The stone soup was just okay, and at $8 USD it was probably the single most expensive food item we bought. Hey, it’s a novelty to watch the chef cook your soup by throwing a red hot rock in it. We’re also spoiled by eating crazy awesome soups and broths at home like pho, tom yum soup, and tom yum ramen. And Mrs. RoG’s mom’s various Thai/Cambodian beef, pork, chicken, and fish soups rich with some combo of garlic, fish sauce, lemongrass, kaffir lime leaves, and Thai basil.
At the grocery store
We spend a lot of time at the grocery store. The Mexican grocery store includes a tortilleria (tortilla shop), a panaderia (bakery), carniceria (butcher), and a cafe or hot foods counter (sometimes called the “soda fountain”). Sweet sales ladies ply you with free samples of bread, tortillas, salsa, hot dogs, cheese, spreads, peanuts, and other snacks.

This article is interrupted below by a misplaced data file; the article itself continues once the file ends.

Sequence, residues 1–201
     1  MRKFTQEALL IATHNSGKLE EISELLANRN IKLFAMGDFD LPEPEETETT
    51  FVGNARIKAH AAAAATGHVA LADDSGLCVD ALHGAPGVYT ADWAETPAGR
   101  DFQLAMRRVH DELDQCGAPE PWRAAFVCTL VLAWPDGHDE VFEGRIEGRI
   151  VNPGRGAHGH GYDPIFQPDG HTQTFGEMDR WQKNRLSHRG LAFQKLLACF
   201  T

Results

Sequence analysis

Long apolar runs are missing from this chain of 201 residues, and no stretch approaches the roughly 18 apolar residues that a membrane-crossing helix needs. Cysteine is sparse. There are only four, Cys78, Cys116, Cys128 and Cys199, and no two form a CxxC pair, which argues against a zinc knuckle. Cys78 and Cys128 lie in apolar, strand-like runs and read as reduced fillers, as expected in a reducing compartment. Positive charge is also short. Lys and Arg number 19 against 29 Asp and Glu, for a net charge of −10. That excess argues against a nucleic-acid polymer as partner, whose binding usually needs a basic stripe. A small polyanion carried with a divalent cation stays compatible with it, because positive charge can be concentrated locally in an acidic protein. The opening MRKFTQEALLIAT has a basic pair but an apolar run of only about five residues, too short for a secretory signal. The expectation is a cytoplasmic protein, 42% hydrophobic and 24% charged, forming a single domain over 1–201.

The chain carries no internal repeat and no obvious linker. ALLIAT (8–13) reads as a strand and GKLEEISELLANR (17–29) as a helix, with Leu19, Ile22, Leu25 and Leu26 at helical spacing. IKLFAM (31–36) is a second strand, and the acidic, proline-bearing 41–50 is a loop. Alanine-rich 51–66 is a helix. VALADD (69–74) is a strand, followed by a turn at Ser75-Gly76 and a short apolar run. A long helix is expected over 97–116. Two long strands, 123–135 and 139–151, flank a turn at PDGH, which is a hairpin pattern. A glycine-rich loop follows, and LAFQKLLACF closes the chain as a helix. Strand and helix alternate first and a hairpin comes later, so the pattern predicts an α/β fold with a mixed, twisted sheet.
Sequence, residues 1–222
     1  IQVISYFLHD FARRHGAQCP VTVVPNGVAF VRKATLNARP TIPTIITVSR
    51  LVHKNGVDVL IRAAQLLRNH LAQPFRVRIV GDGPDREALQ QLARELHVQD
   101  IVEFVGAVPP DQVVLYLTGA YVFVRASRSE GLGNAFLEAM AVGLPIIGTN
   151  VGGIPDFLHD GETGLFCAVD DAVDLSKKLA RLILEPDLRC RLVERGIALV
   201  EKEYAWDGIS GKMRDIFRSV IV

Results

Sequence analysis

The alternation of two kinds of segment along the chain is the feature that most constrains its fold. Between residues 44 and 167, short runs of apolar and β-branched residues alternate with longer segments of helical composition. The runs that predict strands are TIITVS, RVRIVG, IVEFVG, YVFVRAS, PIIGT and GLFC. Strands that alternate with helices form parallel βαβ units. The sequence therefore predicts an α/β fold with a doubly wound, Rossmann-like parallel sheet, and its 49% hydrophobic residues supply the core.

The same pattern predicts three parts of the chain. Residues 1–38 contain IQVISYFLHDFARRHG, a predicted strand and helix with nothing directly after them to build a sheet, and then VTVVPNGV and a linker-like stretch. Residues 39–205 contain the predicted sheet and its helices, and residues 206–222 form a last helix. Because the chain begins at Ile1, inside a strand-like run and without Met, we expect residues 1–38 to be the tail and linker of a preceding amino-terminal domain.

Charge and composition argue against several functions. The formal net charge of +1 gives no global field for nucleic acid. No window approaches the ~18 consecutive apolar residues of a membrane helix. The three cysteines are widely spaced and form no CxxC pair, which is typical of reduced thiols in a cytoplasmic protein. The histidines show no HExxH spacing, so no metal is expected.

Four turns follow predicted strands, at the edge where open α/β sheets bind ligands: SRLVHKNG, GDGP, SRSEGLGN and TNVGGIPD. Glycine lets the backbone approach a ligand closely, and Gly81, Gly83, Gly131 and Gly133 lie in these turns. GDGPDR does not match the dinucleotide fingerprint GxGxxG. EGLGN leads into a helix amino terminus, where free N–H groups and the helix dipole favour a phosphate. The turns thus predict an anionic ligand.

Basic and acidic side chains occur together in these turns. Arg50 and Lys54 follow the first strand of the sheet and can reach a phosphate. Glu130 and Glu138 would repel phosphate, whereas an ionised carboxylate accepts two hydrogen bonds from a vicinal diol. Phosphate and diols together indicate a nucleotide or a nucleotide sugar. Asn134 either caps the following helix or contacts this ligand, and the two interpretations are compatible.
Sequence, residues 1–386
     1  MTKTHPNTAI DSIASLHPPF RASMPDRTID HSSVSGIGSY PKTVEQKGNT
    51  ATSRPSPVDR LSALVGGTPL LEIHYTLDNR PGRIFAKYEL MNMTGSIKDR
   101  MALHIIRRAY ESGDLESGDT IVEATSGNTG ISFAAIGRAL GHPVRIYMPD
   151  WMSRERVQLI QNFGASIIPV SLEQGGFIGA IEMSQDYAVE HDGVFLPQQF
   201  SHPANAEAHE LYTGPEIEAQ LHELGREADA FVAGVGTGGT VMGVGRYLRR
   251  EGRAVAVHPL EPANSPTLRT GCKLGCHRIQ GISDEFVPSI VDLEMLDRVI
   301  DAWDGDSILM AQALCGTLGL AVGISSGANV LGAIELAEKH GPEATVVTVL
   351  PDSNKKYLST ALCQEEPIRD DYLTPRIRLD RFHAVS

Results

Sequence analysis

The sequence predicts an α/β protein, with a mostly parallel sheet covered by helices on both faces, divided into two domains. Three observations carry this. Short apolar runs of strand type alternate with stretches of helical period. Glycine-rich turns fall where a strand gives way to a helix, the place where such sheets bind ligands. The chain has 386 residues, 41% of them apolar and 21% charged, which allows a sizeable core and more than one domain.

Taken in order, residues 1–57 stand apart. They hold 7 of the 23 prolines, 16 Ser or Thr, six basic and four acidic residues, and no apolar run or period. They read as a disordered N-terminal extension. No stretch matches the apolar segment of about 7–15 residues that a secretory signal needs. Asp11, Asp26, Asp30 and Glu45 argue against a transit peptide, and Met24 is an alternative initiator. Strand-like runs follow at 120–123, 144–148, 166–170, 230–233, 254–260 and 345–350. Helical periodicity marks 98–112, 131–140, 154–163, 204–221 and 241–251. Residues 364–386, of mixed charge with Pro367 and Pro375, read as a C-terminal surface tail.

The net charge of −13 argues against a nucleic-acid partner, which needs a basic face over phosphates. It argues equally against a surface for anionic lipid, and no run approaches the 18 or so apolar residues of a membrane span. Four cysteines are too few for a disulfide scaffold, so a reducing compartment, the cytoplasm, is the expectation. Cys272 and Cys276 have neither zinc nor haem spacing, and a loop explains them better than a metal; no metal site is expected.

It’s a great place to grab a bite or a whole meal. The prepared foods from the cafes are usually average to good and often less expensive than at a restaurant.
Fun story. We bought two orders of the five taco packs for 36 pesos each. When the taco lady asked what kind of tacos we wanted, I asked for four cochinita pibil, four barbacoa, and two pork carnitas (because I bought 10 total tacos, right?). No, that’s not how it works. After a couple minutes of confusion, I realized she wanted me to give her the order for just five tacos at a time, and then repeat the order when preparing the second tray of tacos. This was the only time I had a problem ordering tacos in Mexico.
Non-traditional Mexican food